tially more so post-exercise) during dialysis [47]. Although prior to familiarisation and baseline testing, and will
this is uncommon and our pilot data indicates this is not randomise participants by blocks of 4 via a computer-
exacerbated by blood flow restriction, to ensure the safety generated random number sequence by an independent
of all patients they will be monitored for chest pain/dis- researcher. Blinding of intervention group to clinical
comfort, dyspnoea, lower limb pain, symptoms of severe staff and participants will not be possible once the
hyper- or hypotension, and other signs of adverse events, intervention commences.
Clarkson et al. BMC Nephrology (2017) 18:294 Page 5 of 9

Exercise intervention Blood flow restriction procedure


Exercise training sessions will occur intradialytically for Blood flow restriction will be applied using an automatic
all exercising participants and will be completed within tourniquet system (A.T.S 3000, Zimmer Inc., OH, USA).
the first 2 h of the session to avoid loss of exercise train- The ATS produces a defined, controlled pressure via
ing quality [24, 48]. All sessions will be supervised by a adjustable pneumatic cuffs (52 cm long, 10.5 cm wide;
member of the research team. Exercise training sessions bladder length 45 cm, bladder width 8 cm). The pressure
will consist of cycle exercise for both BFR-C and CYC is regulated to control for changes in muscle contractile
groups. Both BFR-C and CYC groups will complete a pressures under the cuff in such a way that the occlusive
total volume of 20 min cycling at a relative intensity for pressure applied to the limb is constant.
each participant to be dictated by rating of perceived The cuffs will be applied to the proximal aspect of the
exertion (RPE), similar to previous exercise and ESKD thigh prior to commencing exercise, and gradually in-
studies [17, 49, 50]. This will also be compared to mea- flated, as detailed by Abe et al. (2006) [25]. Blood flow
surements of percentage age-predicted maximum heart restriction pressure will be set at 50% of pre-exercise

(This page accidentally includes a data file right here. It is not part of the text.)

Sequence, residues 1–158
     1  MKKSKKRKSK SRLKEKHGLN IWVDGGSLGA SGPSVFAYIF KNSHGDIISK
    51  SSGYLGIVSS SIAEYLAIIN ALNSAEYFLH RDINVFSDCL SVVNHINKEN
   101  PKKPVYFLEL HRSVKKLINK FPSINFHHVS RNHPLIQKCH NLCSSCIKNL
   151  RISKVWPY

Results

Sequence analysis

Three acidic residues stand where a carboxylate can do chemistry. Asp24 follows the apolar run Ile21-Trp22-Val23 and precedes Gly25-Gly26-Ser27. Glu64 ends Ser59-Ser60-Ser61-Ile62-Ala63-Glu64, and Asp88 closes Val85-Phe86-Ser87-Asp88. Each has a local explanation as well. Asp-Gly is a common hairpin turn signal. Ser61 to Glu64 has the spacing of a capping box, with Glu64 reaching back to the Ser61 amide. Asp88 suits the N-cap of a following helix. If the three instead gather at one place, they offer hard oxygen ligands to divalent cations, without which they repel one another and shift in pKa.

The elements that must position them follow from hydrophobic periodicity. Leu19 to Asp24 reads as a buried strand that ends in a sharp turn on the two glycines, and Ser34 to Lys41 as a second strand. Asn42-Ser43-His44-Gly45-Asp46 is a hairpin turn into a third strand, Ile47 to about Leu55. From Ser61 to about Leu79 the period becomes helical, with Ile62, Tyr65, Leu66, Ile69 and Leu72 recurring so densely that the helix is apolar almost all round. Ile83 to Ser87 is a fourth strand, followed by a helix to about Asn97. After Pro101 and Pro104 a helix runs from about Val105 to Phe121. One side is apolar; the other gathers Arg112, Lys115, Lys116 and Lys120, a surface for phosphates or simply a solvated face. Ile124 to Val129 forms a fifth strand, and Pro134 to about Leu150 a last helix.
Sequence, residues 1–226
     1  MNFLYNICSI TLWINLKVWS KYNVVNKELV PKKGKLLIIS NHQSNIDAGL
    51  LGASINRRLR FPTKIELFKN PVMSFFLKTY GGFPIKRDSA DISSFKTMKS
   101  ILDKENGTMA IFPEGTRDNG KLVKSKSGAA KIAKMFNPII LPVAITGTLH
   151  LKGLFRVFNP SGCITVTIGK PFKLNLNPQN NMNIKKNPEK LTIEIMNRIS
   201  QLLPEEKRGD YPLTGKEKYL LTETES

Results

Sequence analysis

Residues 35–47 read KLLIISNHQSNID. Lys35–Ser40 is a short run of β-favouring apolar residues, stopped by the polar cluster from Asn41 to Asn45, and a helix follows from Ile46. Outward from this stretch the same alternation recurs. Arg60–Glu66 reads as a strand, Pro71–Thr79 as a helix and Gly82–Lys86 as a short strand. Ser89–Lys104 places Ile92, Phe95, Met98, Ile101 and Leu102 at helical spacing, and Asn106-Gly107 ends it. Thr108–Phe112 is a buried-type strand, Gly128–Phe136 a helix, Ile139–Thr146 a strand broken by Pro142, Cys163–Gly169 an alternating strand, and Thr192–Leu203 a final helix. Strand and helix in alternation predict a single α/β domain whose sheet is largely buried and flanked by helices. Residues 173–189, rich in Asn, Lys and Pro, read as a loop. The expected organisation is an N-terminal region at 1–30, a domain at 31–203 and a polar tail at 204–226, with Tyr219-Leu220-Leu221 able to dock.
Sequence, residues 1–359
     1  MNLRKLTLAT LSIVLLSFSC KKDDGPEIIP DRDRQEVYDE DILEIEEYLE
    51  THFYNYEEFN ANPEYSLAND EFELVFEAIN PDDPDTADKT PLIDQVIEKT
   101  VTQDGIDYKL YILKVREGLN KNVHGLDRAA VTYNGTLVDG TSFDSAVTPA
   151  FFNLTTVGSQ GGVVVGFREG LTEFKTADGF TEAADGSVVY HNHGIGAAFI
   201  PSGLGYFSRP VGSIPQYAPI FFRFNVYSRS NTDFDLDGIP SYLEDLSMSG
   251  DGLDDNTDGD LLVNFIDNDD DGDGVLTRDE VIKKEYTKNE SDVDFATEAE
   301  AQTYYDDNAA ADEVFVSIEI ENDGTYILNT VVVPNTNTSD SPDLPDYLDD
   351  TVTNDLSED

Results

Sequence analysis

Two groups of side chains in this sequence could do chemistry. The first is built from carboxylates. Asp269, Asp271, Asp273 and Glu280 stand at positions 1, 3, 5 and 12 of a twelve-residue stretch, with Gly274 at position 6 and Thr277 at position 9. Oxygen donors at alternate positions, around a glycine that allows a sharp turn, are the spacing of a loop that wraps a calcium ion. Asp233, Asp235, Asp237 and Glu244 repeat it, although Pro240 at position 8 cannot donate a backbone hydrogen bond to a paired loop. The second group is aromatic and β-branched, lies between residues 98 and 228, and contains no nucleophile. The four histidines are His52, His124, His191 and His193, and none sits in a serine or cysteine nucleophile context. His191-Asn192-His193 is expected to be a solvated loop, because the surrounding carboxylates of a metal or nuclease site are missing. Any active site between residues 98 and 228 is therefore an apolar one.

rate (APHRmax) in order to determine if targeted RPE resting LOP. LOP will be calculated during a familiarisa-
needs to be adjusted to account for potential discrepan- tion session for participants allocated to the BFR-C
cies between patient subjective intensity and objectively group using a digital plethysmograph (Pulse Sensor,
observed intensity. If participants are unable to maintain Zimmer ATS 3000) applied to the second toe [40, 53]. A
the prescribed cadence at this workload for the full seated or recumbent posture will be used for LOP as it
duration, they will be instructed to complete as much of most closely matches the posture that will be used dur-
each cycling bout as possible. ing the exercise training sessions. To determine LOP, the
pneumatic cuffs are inflated to the point at which the ple-
thysmograph can no longer detect blood flow to the toe
Age-predicted maximum heart rate (blood flow completely occluded). This will be done for
APHRmax will be used as a relative indicator of intensity each leg and repeated to ensure accuracy (<20 mmHg),
during exercise training sessions. Approximately 5070% and an average of these measures will be taken. The 50%
of participants age-predicted APHRmax will be used as LOP that is to be applied during exercise training sessions
an objective target to indicate whether participants in does not fully occlude the limb in this manner, and allows
BFR-C or CYC are exercising at the prescribed intensity for continuous blood flow during exercise.
for this study. This will be achieved using a fingertip
heart rate monitor and pulse oximeter (CMS50, Contec Cycling group
Medical Systems Co., Ltd., Qinhuangdao, Hebei Province, The CYC group exercise training sessions will require
China) placed on the second or third finger of the partici- 20 min continuous cycling at an equivalent intensity to
pants hand on the contralateral limb to their arterioven- the BFR-C group. However due to the absence of blood
ous fistula. This will be measured and recorded during the flow restriction, the equivalent intensity is often reported
final minute of each period of active cycling within a to have a lower RPE and mildly reduced heart rate re-
session to correspond with measures of RPE. sponse, regardless of exercise modality [38, 54, 55]. As
such, the target RPE will be 12 (light to somewhat hard
on the Borg 6 to 20 scale [51]) for the CYC group, which
Blood flow restriction cycling group is expected to equate to at least 50% APHRmax. This in-
The BFR-C group will complete an intermittent protocol tensity is recommended for intradialytic aerobic exercise
of 10 min cycling, 20 min rest, 10 min cycling. During in the Exercise and Sport Science Australia (ESSA) pos-
these sessions, participants in the BFR-C group will have ition statement on exercise for chronic kidney disease
a blood flow restriction cuff fitted to the proximal end of [20]. This volume is reflective of protocols used by other
each thigh, which will be inflated continuously at 50% of studies examining exercise training among patients with
a pre-determined limb occlusion pressure (LOP) ESKD, and represents a normal exercise training
throughout the full duration of cycling. Participants will prescription for patients with ESKD [22, 56].
be required to cycle at an RPE of 15 (Hard on the Borg
6 to 20 scale [51]), expected to be equivalent to at least Progression
60% of APHRmax for each 10 min cycling period. The In order to ensure that training sessions maintain a suffi-